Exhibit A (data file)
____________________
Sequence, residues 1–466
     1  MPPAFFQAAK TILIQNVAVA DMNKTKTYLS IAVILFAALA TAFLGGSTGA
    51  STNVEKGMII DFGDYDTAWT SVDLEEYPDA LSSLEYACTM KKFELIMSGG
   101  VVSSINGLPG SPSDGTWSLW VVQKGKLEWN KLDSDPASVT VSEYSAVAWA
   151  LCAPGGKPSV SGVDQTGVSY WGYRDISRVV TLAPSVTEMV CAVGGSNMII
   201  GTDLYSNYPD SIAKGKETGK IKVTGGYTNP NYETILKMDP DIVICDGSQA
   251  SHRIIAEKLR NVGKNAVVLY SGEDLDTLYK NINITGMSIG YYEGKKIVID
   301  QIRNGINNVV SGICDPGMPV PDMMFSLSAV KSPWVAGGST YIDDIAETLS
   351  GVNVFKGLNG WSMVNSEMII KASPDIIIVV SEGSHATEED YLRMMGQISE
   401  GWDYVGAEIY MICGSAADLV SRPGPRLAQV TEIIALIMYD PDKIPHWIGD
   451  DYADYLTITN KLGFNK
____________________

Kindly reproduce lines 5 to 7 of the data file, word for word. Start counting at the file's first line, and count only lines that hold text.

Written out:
   151  LCAPGGKPSV SGVDQTGVSY WGYRDISRVV TLAPSVTEMV CAVGGSNMII
   201  GTDLYSNYPD SIAKGKETGK IKVTGGYTNP NYETILKMDP DIVICDGSQA
   251  SHRIIAEKLR NVGKNAVVLY SGEDLDTLYK NINITGMSIG YYEGKKIVID